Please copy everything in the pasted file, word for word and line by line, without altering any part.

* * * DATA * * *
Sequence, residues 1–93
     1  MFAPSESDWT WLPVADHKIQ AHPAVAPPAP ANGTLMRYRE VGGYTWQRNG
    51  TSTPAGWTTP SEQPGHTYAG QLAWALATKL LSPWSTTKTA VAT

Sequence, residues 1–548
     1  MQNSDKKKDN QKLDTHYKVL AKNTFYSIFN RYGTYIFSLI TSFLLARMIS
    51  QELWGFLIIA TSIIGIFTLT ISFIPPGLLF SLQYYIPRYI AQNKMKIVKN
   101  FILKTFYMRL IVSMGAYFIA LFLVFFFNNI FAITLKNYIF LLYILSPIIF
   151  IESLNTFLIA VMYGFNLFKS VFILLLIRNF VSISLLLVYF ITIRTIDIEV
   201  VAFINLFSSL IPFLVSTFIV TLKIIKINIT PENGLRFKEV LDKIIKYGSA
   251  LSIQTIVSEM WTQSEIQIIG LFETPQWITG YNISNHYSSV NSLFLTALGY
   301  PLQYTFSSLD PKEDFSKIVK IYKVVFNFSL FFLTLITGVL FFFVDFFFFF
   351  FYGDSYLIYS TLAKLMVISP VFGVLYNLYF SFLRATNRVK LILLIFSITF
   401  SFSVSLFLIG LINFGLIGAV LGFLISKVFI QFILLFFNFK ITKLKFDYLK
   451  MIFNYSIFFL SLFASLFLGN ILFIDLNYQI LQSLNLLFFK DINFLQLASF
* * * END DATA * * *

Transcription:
Sequence, residues 1–93
     1  MFAPSESDWT WLPVADHKIQ AHPAVAPPAP ANGTLMRYRE VGGYTWQRNG
    51  TSTPAGWTTP SEQPGHTYAG QLAWALATKL LSPWSTTKTA VAT

Sequence, residues 1–548
     1  MQNSDKKKDN QKLDTHYKVL AKNTFYSIFN RYGTYIFSLI TSFLLARMIS
    51  QELWGFLIIA TSIIGIFTLT ISFIPPGLLF SLQYYIPRYI AQNKMKIVKN
   101  FILKTFYMRL IVSMGAYFIA LFLVFFFNNI FAITLKNYIF LLYILSPIIF
   151  IESLNTFLIA VMYGFNLFKS VFILLLIRNF VSISLLLVYF ITIRTIDIEV
   201  VAFINLFSSL IPFLVSTFIV TLKIIKINIT PENGLRFKEV LDKIIKYGSA
   251  LSIQTIVSEM WTQSEIQIIG LFETPQWITG YNISNHYSSV NSLFLTALGY
   301  PLQYTFSSLD PKEDFSKIVK IYKVVFNFSL FFLTLITGVL FFFVDFFFFF
   351  FYGDSYLIYS TLAKLMVISP VFGVLYNLYF SFLRATNRVK LILLIFSITF
   401  SFSVSLFLIG LINFGLIGAV LGFLISKVFI QFILLFFNFK ITKLKFDYLK
   451  MIFNYSIFFL SLFASLFLGN ILFIDLNYQI LQSLNLLFFK DINFLQLASF